A 50 percent by weight solution of hexamethylcyclotrisiloxane in treated cyclohexane was prepared, treated with hot 4A mole sieves and alumina for 1 hour under agitation, filtered and stored under nitrogen. This procedure was standard although satisfactory results can be obtained by using hexamethylcyclotrisiloxane as received from vendors (purity 95-99%).
Crossover Reaction from Living PE-Li Block to the Polydimethylsiloxane (PDMS) Block and Polymerization of the PDMS Block
75 g of the siloxane monomer in cyclohexane was added to the PE-Li+ in the autoclave and the reaction temperature was heated to about 80° C. and maintained at 80° C. to 84° C. for 45 minutes. Then 77 g of THF, 20 g of cyclohexane and an additional 75 g of the siloxane monomer were added to the autoclave. This solution was heated at 80° C. to 84° C. for 50 minutes to allow the siloxane monomer to polymerize giving a PE—PDMS—Li living polymer.
End-capping with Fluorosiloxane Monomer
23.4 g of 1,3,5-tris(3,3,3-trifluoropropyl)-1,3,5-trimethylcyclotrisiloxane 30 g of cyclohexane was then charged into the autoclave. The solution was heated at 80° C. to 84° C. for 45 minutes to allow the monomer to polymerize on the end of the PDMS block. The polymerization was terminated by charging 10 ml of methanol into the autoclave, leaving a final product with a fluoro end block containing one cyclic siloxane monomer unit.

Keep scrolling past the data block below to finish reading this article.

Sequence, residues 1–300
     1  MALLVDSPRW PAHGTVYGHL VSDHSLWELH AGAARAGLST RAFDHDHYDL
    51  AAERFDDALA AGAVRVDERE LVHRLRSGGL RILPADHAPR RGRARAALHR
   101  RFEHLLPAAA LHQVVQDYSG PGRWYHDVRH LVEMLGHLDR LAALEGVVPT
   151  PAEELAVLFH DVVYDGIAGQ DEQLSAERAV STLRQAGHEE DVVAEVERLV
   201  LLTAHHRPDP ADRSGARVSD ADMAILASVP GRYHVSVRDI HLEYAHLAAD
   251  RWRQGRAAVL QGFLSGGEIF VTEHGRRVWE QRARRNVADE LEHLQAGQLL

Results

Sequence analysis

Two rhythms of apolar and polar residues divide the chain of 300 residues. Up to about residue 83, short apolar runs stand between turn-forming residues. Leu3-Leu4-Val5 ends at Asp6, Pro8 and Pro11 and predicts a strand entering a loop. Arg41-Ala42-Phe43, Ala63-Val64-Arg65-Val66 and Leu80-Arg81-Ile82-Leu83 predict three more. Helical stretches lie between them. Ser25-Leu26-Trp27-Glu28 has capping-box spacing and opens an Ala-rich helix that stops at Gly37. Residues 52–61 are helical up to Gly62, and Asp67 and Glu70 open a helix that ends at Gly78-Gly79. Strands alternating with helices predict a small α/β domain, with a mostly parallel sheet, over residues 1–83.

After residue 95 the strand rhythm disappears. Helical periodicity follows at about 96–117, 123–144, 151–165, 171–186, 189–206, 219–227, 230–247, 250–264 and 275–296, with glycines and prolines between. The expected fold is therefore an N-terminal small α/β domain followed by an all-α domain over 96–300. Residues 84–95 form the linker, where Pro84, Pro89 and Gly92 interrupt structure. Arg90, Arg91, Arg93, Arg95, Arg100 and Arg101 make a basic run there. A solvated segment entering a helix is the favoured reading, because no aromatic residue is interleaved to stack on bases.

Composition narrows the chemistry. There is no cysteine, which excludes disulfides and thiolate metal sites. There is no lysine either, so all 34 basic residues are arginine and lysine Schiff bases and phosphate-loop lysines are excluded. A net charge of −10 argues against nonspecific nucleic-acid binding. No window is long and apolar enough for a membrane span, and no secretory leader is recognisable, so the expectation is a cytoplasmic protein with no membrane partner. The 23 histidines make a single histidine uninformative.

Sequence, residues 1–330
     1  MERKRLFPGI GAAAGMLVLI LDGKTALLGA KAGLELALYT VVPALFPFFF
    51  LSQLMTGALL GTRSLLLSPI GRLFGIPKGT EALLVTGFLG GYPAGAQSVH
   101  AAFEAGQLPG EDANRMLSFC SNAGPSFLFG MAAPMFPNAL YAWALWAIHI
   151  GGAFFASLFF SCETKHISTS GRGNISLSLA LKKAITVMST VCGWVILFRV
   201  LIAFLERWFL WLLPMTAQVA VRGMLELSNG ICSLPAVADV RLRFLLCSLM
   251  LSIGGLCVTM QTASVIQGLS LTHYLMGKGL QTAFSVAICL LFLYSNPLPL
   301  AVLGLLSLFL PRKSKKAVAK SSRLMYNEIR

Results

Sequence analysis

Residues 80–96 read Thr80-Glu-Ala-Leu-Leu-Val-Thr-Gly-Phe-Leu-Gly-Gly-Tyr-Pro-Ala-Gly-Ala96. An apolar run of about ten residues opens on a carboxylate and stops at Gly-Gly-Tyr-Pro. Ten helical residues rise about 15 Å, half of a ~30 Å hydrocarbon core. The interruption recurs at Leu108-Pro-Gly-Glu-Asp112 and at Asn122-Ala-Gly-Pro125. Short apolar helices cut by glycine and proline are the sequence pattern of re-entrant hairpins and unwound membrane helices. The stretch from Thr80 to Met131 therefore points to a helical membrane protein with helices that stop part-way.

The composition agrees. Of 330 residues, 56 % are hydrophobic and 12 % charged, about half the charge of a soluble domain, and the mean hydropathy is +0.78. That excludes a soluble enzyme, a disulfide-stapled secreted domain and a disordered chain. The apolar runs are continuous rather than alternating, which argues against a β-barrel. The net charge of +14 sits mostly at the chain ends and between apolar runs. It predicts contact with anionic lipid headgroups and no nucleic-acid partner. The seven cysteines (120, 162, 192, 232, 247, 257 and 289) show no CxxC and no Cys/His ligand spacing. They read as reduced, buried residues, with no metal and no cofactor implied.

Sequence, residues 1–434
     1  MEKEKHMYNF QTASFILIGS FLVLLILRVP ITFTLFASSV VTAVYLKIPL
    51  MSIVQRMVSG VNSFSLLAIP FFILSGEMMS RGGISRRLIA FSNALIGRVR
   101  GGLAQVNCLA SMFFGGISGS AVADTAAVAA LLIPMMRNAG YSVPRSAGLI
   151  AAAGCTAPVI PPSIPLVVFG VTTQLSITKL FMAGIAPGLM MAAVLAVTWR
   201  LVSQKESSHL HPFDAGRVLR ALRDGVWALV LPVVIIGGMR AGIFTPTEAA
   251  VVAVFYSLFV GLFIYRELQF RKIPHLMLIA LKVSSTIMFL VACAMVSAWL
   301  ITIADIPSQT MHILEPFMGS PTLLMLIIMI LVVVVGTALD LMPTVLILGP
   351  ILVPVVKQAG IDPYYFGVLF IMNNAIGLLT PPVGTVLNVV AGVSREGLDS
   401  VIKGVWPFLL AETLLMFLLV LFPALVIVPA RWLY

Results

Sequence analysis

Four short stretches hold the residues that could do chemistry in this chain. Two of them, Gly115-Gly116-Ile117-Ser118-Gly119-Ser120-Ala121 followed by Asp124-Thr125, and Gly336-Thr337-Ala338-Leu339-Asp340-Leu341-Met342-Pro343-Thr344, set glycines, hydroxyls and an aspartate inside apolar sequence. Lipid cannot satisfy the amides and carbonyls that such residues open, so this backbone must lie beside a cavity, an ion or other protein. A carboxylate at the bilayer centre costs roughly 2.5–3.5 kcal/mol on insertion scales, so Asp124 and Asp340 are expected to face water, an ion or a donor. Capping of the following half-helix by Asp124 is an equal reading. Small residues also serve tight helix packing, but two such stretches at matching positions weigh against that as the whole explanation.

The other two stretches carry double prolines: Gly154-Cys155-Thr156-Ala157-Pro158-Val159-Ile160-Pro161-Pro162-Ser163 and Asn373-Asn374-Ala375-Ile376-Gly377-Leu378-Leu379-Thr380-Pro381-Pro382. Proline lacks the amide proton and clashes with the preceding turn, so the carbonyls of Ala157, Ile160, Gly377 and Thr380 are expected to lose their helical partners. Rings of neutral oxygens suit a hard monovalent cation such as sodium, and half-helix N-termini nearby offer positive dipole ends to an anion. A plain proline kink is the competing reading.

Release Coating Testing
1 percent by weight and 3 percent by weight of this capped block copolymer was added to a low molecular weight polyethylene wax. This mixture was then tested for silicone release values and silicone transfer values.
The silicone release value test is carried out as follows:
1. 4 inch wide by 10 inch long Kraft paper is secured with tape to a 4 inch by 12 inch PYREX® glass plate;
2. the plate and a 0.0015 inch DOCTOR® blade is placed in a 120° C. convection oven;
3. 1 percent by weight and 3 percent by weight polymer are weighed into beakers with SHELLMAX® 400 polyethylene wax;
4. the beakers are placed in the oven to melt the samples;
5. the temperature is raised in 20° C. increments until the polymer melts in the wax;
6. if the polymer has not melted at 220° C., the test cannot be performed on that sample;
7. the melted sample is cast on the Kraft paper using the 0.0015 inch blade; and
8. the cast plate is allowed to sit for 24 or 72 hours before testing.
1. 1 inch wide by 4 inch long packaging tape is placed on a rectangle of the Kraft paper sample;
2. the sample is rolled down one time by an automatic rolling machine;
3. the sample is placed in the jaws of an Instron and pulled apart at a speed of 12 inches per minute; and